Current theory holds that Egyptian animal mummies fall into three different categories: companion animals, sacred animals, and votive offerings. It is clear from wall carvings and sarcophagi that companion animals were an important part of ancient Egyptian life. While it is possible that some were deliberately killed and mummified when their human caretakers died, there is also evidence that the preservation and internment of companion animals alongside their human guardians took place after the animal’s own natural death. Around 900 BCE, Egypt’s religious beliefs changed; some species of animal were now thought to be the living embodiment of certain gods and goddesses, and therefore came to be worshiped as holy symbols. Cats in particular were associated with the goddess Bastet; they were raised in and around her temples, and when they died, they were mummified and buried by the thousands in mass graves. Gradually, between 300 and 30 BCE, animals began being raised for the express purpose of mummification as a form of sacrifice to the gods and goddesses. Mummified cats – many of them young kittens, who were smaller and therefore easier to prepare – were sold to pilgrims on their way to the temple of Bastet to be left as votive offerings to appease the goddess.
Although modern technologies such as radiography have been used for several decades to see inside the layers of cloth and resin covering ancient human mummies without disturbing their delicate contents, because of the sheer volume and variety of specimens and the expense of performing such research, ancient animal mummies have received much less scientific scrutiny. Therefore, less is known about what these non-human specimens may contain. Recently, curators at the Brooklyn Museum teamed up with the Animal Medical Center in Manhattan to perform x-ray computed tomography (CT) scans on 32 animal mummy specimens which had been sitting in the museum’s collection, unopened and unexplored, for over 70 years. While regular x-rays allow researchers to see the contents of a mummified specimen from a single angle, a CT scan combines multiple x-rays from multiple angles, building a 3D picture of what the mummy holds. You can read more about the Brooklyn Museum’s project here, and even see video of some of the process and the curators talking about this important undertaking.
But why, exactly, is it important to know what’s inside these ancient animal mummies? Just as examining the contents of human mummies can tell us more about who that individual was, examining the contents of animal mummies can tell us more about what role animals played in ancient Egyptian daily life, culture, and religion. For example, we know canine mummies were left as votive offerings to the god Anubis – but what kind of canines? Are they dogs, jackals, wolves, or foxes? Examining these mummies can give us a more exact answer as to which species the Egyptians associated with Anubis. Furthermore, CT scans can reveal an animal’s cause of death – if there is a visible cause of death. Did these specimens die of old age, or were they killed for sacrificial purposes? If so, how were they killed? We can also learn about ancient Egyptian practices of veterinary medicine by examining the specimens for signs of disease or broken (and mended) bones. Finally, pinpointing the species of mummified animals can help paint a more clear picture of ancient Egypt’s natural environment. Some mummified species are extinct in modern Egypt; mummies can tell us what animals used to live there, or who the Egyptians traded with to get them.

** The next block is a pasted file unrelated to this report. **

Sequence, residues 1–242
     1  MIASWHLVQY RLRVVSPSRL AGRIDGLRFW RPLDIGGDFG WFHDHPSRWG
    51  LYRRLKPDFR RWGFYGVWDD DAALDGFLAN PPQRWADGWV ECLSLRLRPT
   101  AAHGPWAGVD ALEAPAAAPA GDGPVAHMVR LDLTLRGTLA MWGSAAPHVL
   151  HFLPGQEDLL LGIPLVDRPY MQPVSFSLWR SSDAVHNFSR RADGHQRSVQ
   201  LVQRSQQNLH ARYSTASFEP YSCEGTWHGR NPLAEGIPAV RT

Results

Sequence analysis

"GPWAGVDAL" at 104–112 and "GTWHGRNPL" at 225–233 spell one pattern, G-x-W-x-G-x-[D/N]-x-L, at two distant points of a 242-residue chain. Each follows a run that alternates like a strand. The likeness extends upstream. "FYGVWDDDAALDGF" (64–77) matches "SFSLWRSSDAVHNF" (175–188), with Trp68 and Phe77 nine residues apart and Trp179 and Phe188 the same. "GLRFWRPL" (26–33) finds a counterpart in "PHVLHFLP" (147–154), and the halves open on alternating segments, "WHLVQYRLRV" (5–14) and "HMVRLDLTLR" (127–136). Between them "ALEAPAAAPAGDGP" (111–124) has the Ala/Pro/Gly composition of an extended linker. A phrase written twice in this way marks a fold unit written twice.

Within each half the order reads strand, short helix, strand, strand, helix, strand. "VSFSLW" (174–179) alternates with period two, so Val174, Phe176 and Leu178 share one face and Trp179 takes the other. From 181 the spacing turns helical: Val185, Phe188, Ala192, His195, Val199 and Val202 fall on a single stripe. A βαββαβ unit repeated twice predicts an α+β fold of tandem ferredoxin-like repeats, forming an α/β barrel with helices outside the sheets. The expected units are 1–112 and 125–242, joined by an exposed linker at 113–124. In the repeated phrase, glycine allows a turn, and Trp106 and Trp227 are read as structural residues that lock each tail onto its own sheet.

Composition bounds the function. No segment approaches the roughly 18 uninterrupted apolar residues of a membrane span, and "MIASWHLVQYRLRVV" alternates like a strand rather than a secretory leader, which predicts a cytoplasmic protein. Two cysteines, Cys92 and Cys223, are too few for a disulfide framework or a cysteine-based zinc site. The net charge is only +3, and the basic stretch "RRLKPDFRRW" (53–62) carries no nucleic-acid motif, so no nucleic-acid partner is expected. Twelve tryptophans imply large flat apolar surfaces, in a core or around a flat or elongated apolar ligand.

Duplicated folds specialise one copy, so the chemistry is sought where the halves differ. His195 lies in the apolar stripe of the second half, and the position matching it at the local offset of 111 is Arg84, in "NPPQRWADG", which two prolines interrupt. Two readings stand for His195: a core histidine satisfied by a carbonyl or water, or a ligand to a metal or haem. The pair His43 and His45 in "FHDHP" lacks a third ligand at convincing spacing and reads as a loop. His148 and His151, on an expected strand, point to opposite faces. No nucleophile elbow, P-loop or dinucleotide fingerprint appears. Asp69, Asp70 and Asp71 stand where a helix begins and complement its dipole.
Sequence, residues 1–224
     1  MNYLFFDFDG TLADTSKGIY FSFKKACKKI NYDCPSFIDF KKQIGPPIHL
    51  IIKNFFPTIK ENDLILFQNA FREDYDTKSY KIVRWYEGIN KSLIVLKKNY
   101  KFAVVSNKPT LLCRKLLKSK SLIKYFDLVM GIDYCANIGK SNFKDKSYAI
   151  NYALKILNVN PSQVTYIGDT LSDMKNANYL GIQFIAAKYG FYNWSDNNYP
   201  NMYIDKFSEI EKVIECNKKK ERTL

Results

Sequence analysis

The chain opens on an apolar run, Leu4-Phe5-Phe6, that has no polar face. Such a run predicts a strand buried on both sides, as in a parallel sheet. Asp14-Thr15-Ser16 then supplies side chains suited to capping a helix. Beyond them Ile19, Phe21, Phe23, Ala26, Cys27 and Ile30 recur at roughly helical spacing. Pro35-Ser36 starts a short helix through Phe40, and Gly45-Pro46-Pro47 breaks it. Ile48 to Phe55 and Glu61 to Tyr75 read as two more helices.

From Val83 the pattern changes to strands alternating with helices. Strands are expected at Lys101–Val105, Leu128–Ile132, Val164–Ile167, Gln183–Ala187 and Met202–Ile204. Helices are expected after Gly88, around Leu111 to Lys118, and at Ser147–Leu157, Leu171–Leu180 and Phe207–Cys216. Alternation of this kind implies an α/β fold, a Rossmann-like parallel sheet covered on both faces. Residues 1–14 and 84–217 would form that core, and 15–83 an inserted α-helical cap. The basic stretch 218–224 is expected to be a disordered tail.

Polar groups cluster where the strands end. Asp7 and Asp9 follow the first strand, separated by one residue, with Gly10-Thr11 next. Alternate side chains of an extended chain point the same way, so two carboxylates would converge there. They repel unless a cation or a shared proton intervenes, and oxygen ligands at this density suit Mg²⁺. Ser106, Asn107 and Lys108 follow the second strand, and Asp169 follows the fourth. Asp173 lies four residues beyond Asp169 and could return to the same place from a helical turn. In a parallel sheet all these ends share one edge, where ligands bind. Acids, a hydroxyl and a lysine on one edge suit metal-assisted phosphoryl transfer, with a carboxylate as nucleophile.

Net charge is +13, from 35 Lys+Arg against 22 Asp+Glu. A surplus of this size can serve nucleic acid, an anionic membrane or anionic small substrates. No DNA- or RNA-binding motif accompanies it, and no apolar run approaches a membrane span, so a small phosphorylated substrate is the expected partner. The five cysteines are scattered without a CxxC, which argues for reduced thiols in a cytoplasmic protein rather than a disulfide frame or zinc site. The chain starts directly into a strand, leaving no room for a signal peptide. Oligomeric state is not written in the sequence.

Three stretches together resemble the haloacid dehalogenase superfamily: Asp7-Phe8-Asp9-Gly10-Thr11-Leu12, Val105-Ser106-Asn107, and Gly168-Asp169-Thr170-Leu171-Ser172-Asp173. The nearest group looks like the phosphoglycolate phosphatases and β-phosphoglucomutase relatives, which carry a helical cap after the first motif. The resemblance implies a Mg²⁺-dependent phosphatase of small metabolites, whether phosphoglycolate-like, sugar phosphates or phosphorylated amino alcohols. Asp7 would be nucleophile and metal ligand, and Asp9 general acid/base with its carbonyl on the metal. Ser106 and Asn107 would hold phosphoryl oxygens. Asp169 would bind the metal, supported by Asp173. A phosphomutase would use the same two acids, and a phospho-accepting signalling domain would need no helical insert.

For more information on ancient Egyptian animal mummies, check out their page on James M. Deem’s Mummy Tombs, or learn more about the dire need to preserve these precious specimens from the Cairo Museum’s Animal Mummy Project. Or you can check out the results of the Brooklyn Museum’s research into its own collection of animal mummies in what is sure to be a fascinating and enlightening exhibition, currently scheduled for 2013.